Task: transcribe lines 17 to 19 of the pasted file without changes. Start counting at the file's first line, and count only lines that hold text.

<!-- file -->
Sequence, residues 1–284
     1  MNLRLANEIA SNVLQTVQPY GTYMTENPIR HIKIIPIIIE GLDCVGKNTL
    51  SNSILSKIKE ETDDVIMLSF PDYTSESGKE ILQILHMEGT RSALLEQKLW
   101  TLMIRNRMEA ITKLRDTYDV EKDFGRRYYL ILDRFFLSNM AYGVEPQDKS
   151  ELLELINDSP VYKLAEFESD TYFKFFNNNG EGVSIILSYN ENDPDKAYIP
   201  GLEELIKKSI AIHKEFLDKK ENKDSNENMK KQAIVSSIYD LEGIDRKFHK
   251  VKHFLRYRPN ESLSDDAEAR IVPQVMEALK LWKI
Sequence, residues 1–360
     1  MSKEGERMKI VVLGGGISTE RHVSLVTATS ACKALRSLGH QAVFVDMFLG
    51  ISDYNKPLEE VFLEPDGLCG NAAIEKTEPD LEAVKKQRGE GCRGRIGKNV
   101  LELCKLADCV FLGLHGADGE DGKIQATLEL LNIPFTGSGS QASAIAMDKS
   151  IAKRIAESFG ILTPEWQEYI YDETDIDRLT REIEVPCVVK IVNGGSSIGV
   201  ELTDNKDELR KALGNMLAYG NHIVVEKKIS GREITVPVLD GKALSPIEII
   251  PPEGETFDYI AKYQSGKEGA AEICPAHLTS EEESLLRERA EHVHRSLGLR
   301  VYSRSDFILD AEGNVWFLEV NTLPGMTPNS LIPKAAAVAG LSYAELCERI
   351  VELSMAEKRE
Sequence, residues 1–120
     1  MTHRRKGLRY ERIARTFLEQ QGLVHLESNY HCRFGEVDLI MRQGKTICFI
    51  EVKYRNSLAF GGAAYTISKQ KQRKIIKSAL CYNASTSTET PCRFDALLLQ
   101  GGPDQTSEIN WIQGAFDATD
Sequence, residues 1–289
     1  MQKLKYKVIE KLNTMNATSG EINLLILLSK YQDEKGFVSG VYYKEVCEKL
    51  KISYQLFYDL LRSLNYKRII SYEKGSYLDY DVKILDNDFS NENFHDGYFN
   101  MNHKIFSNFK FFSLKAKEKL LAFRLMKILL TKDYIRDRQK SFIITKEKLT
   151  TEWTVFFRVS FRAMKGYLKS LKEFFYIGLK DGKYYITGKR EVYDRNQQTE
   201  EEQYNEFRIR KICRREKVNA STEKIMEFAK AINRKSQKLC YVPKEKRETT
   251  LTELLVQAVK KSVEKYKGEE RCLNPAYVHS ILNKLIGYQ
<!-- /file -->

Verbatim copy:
Sequence, residues 1–120
     1  MTHRRKGLRY ERIARTFLEQ QGLVHLESNY HCRFGEVDLI MRQGKTICFI
    51  EVKYRNSLAF GGAAYTISKQ KQRKIIKSAL CYNASTSTET PCRFDALLLQ